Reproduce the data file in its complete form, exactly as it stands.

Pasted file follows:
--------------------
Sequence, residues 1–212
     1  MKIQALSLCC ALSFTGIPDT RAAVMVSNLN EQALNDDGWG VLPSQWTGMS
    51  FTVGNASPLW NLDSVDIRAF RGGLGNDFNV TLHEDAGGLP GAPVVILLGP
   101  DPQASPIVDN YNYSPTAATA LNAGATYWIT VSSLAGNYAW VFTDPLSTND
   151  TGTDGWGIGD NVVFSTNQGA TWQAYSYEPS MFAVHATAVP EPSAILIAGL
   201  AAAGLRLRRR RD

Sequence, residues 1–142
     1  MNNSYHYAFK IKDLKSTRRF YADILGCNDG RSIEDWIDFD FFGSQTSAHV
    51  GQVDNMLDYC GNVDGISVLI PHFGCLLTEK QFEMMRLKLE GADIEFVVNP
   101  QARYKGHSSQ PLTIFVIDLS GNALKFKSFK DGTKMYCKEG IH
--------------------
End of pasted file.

Sequence, residues 1–212
     1  MKIQALSLCC ALSFTGIPDT RAAVMVSNLN EQALNDDGWG VLPSQWTGMS
    51  FTVGNASPLW NLDSVDIRAF RGGLGNDFNV TLHEDAGGLP GAPVVILLGP
   101  DPQASPIVDN YNYSPTAATA LNAGATYWIT VSSLAGNYAW VFTDPLSTND
   151  TGTDGWGIGD NVVFSTNQGA TWQAYSYEPS MFAVHATAVP EPSAILIAGL
   201  AAAGLRLRRR RD

Sequence, residues 1–142
     1  MNNSYHYAFK IKDLKSTRRF YADILGCNDG RSIEDWIDFD FFGSQTSAHV
    51  GQVDNMLDYC GNVDGISVLI PHFGCLLTEK QFEMMRLKLE GADIEFVVNP
   101  QARYKGHSSQ PLTIFVIDLS GNALKFKSFK DGTKMYCKEG IH